Rough Craft: Notes on the creation of the audio / visual / textual work Small Stones
May 22, 2021
Specially commissioned for the Listening, Sound, Agency Symposium, Griffin-award-winning poet Kaie Kellough, designer and artistic director of LOKI studios Kevin Yuen Kit Lo, and Constellation recording artist and saxophonist Jason Sharp, collaborate on an interdisciplinary work. Long-awaited, Small Stones will premiere tonight, 22 May 2021, 5pm ET, and may be watched in the embedded video below. To enhance and support the listening and watching experience, Kaie has generously shared some reflections on the process of creating this work with his collaborators and the meandering iterations of the poem through page, dialogue, and performance. After reading about and being immersed in Small Stones, please rejoin the Zoom link received as registration for this event for a Q&A with the artists. Enjoy this poem!
St. Faustin Lac Carré, Québec, 2021
These notes are dedicated to Jason Camlot, Klara du Plessis, and SpokenWeb with gratitude for their generosity, their support, and their encouragement of this project,
to my collaborators Kevin Yuen Kit Lo and Jason Sharp for sharing in the adventure.
i. Other People’s Mouths
Standing in front of two microphones in studio, headphones on, waiting for a cue to start recording, I reminded myself: “the poem is the inflection, it’s the torsion in the delivery, it’s the attitude.” That statement strikes me as only being partly true, but valuable in the context of performance. It surprises me because it reveals how dramatically my thinking about the poem has shifted since I started writing. Devoted to print as I am, I no longer consider publication to be the poem’s final or most desired destination. Publication is one way to launch a poem into the world, but once the poem is launched, I would rather see it soar and be transformed by its encounters than see it arrive in a final form.
Having spent years in oral poetry circles, I’ve known many superb poets who show little interest in publishing in journals or in book format. I’ve known poets who eschew committing their work to paper, and who instead cultivate a purely oral practice, who do not think of the poem as needing to have a relationship to text in order to be a poem. Their approach supports the observation made by Amiri Baraka, that: “poetry is not a form but rather a result.” Internalizing this distinction and being able to act on it can be liberating for both the poem and the poet. It has been liberating for my practice, because it suggests that a poem can be electric, versatile, that it is imbued with agency, that it can act on the world and that, among the most important things a poem can do once it comes into existence, is to appear in other people’s eyes, ears, mouths, and thoughts.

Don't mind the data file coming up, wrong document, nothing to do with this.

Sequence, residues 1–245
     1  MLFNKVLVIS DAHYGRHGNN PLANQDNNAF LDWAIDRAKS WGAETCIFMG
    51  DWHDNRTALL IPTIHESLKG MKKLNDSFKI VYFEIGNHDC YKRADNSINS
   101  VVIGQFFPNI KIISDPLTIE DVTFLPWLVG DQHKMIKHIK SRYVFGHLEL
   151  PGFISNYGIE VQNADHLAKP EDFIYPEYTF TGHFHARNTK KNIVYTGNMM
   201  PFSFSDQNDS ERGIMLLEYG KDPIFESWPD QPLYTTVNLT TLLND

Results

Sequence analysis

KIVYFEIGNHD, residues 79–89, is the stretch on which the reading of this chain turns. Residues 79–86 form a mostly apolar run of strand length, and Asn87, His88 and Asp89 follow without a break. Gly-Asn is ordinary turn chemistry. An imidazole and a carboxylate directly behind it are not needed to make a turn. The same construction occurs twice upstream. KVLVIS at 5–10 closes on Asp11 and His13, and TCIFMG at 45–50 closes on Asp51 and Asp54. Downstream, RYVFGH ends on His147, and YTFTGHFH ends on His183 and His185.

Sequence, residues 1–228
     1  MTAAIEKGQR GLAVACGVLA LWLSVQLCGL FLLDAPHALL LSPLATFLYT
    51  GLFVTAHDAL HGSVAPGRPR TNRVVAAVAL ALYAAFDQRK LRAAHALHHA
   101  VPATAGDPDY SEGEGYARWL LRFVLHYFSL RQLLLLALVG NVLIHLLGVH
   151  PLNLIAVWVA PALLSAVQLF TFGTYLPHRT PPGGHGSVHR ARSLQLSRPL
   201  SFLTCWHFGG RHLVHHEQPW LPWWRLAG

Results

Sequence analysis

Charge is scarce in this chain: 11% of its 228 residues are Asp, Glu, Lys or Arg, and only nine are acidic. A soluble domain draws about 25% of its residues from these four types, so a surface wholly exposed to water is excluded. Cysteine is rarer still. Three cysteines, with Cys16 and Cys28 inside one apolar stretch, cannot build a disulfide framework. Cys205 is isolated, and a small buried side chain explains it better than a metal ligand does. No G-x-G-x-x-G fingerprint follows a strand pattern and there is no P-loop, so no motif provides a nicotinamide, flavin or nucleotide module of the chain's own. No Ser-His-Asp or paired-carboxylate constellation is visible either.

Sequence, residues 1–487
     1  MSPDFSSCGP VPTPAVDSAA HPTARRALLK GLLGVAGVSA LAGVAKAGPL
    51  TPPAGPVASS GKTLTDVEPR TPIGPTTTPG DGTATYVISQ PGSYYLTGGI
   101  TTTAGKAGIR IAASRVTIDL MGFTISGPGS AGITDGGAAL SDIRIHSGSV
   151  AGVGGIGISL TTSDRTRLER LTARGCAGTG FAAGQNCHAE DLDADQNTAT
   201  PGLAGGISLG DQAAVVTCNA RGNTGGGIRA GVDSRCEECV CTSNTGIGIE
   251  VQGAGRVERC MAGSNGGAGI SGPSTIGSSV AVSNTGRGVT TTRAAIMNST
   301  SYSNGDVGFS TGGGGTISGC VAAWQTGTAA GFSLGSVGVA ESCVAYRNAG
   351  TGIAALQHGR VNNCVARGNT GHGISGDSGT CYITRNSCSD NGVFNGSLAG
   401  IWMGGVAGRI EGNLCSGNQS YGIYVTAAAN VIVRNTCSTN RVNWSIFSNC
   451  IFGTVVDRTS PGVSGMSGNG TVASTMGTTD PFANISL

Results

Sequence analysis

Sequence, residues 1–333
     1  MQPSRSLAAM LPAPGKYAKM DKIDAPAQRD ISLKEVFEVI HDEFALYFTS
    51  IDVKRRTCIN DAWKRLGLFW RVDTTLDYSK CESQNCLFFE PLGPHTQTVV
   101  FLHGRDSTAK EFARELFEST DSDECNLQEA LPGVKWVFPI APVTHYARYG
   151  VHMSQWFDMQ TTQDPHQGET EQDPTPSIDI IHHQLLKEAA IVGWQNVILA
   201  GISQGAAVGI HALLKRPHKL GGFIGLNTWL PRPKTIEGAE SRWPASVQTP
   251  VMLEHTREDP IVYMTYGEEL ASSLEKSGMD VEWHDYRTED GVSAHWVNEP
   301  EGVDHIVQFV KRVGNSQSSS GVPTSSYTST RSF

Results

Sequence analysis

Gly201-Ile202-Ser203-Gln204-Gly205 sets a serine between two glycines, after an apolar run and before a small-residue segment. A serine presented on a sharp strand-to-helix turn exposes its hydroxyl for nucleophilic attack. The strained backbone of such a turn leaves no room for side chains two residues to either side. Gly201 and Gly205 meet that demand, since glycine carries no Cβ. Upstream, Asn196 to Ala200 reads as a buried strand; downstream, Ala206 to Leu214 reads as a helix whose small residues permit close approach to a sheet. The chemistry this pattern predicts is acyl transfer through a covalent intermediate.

The poem that informs the audio and visual portions of Small Stones was published in print in 2019, but different versions have been performed nationally, both online and in person. A raw and somewhat improvised version was presented as a livestream in collaboration with drummer JahSun and saxophonist Jason Sharp. The version of the poem in Small Stones is different from the print version as well, and its visual interpretation by Kevin Yuen Kit Lo draws the work in yet other directions. I note these various presentations because they reconstruct the poem each time and offer possible developments in different mediums. The poem is never fixed. It becomes a language-object that can be taken apart and rearranged. Its parts can be disassembled, disarticulated and even discarded. And yet, amid this cultivation of possibility, subject to and a product of a rough craft, the poem persists.
- Kaie Kellough and Jason Sharp recording Small Stones at Breakglass Studios (Montréal), 7 May 2021. Credit: Ali Barillaro
ii. Tracking Tension
Several weeks before going into the studio to track Small Stones, Jason, Kevin and I were rehearsing in the Lion d’Or venue in east Montréal, as part of a 7-piece ensemble that Jason had put together. The venue had been rented so that under pre-vaccination Covid conditions we could prepare a 40-minute musical composition while observing proper social distancing. Our performance, titled FYEAR, would be recorded in audio and video formats and broadcast online by jazz festivals across Canada and in Europe. Since it was a performance, we followed a score, honed the various passages, and repeatedly played the work from beginning to end. We took breaks to discuss our progress, then reworked the passages that needed to be streamlined. We performed three complete takes for the cameras, and if I remember correctly, we settled on the final one.